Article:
Page 7, 30th March 2001

30th March 2001
Page 7
Page 7, 30th March 2001 — The common good and the right to life

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Locations: Rome, Surrey, Oxford


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The common good and the right to life

From Mrs Alba Thorning Sir, A concerted effort from all pro-lifers could make a considerable impact on political parties when we vote at the election. It will, if nothing else, influence their choice of candidates in the future. But this miracle will only occur if sufficient numbers of pro-life voters select a pro-life candidate amongst those presenting themselves for election. Or abstain from voting at all.

To give someone who is pro-abortion or pro-choice a vote is the equivalent of placing your signature on the doctor's form endorsing the operation which will destroy an unborn baby's life.

Abortion isn't a woman's problem, a doctor's problem, it's our problem. As long as our democracy allows those who willfully destroy unborn human life to walk free of prosecution we are all equally culpable for the brutal deaths of those babies. Religious and laity, to blinker ourselves behind the belief that "I wouldn't abort or cause an abortion" is to be culpable of the next aborted baby's life for our taxes pay for that operation.

All of us are equally involved in the death of millions of babies for either we have not tried at all, or not tried enough, to repeal the 1967 Abortion Act over the past 34 years. Whilst the blood of the innocents cries out for justice, Our Lord's eyes are so blinded by tears that the calumnies that affect this world make little impact, compared with the cruel, deliberate killing of an innocent life. Chaos is Satan's ultimate aim for this world, abortion is the tool we have given him to achieve his goal so far.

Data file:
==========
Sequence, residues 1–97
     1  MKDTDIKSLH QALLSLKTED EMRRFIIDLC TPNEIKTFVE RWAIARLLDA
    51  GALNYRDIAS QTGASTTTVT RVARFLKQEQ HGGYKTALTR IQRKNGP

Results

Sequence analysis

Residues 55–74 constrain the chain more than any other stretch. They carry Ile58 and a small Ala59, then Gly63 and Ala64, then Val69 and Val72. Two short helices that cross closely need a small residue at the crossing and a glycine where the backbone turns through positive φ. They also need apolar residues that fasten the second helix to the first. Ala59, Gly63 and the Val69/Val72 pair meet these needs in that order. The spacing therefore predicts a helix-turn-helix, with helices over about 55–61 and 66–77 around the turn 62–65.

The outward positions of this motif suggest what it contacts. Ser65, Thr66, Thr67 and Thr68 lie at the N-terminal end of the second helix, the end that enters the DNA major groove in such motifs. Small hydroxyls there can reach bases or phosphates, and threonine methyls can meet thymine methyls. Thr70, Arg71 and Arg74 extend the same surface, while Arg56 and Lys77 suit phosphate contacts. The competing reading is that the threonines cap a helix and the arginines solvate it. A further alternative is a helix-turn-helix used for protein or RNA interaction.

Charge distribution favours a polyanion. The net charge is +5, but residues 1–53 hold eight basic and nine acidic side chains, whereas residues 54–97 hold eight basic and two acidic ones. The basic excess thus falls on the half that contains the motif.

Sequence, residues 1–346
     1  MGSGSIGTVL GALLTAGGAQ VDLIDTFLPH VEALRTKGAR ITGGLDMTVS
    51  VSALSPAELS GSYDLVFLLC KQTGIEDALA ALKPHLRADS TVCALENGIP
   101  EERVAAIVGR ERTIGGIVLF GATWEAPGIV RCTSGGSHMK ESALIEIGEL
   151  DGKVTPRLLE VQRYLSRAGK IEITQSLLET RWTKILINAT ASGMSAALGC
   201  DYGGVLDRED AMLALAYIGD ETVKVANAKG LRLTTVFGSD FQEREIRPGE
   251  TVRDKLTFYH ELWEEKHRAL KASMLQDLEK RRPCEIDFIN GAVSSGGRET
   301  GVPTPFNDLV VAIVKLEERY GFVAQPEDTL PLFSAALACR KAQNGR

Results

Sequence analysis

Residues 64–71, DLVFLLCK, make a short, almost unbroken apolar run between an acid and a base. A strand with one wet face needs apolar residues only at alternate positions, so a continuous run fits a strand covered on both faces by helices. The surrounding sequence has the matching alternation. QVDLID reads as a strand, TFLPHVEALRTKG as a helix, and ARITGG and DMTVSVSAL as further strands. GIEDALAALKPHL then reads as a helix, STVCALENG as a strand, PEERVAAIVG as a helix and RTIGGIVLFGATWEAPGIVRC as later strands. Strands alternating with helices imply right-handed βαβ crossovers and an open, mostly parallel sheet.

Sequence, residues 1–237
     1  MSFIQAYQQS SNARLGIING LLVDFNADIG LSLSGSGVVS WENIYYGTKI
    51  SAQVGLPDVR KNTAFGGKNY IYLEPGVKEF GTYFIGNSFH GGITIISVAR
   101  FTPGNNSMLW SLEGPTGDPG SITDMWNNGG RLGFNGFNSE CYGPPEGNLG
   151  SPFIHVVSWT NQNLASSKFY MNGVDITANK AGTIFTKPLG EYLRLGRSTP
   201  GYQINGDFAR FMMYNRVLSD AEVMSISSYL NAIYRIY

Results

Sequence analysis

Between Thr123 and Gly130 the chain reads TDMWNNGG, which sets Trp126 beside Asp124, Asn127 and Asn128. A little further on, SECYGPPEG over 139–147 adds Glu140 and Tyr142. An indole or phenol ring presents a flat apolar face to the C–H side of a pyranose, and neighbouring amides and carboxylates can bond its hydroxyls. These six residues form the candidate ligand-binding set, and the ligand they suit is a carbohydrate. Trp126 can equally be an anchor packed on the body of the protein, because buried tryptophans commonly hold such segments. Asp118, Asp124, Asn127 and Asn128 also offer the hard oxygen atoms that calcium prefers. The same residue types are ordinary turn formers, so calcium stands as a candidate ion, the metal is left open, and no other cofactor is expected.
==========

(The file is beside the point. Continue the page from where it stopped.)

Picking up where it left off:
Yours faithfully, ALBA THORNING Headington, Oxford

Act of Settlement

From Mr Kevin O'Neill

Sir, James Munson asserts that the Act of Settlement has become "a guarantor that our Sovereign will be a Christian" (-Letting Sleeping Dogs Lie". Mar 16). Does he mean by "Christian" someone like Our Lord or someone like the Anglican Bishop of Oxford?

Yours faithfully, Knvusr Surrey Quays, London SE16

Radical reordering

From Mr Stephen Oliver Sir, Your article (Mar 9) concerning plans to restore the old high altar at Westminster Cathedral as the main altar for liturgical celebrations made mc wonder whether this might n'ot be the perfect moment for some truly radical thinking.

Since recent writing on the liturgy, particularly Cardinal Ratzinger's Spirit of the Liturgy but also works by Aidan Nichols, Klaus Gamber and others all seem to agree that the ad orientem or ad apsidem position is the ancient and traditional one for the celebration of the Mass, why should not the cathedral's administrators recognise this in their plans?

In short, the temporary altar currently occupying the sanctuary could be removed, as suggested, and the high altar under the baldacchino be used to celebrate Mass, not versus populum as previously mooted, but with the priest facing the same way as the people, now clearly established as the earliest tradition of the Church.

Such a decision would also have the merit of being very cheap since the altar would not, as currently suggested, have to be moved forward to provide room for the clergy presiding behind it. In this way the cathedral could send out a clear signal of liturgical restoration and renewal that other churches around the country might wish to follow.

The London Oratory and a few other churches have up to now been rare prophetic voices in recognising what liturgical scholarship has revealed to us. and it would be splendid to see the cathedral joining them. As is now widely recognised, the adoption of Mass celebrated versus populum was nowhere demanded by the documents of Vatican II, and a truly dignified and Spirit-filled celebration of the Novus Onto seems unlikely to occur until real renewal takes place.

Yours faithfully, STEPHEN OLIVER Clitheroe, Lanes Prom Mr Michael Olizar Sir, Philip Fowke (Letters, Mar 23) reminds us that Henry Clutton was initially commissioned to design Westminster Cathedral. Clutton who died in 1893 lies just yards away from the mortal remains of Francis Bentley, who died in 1902, who was to come up with the successful design for the cathedral.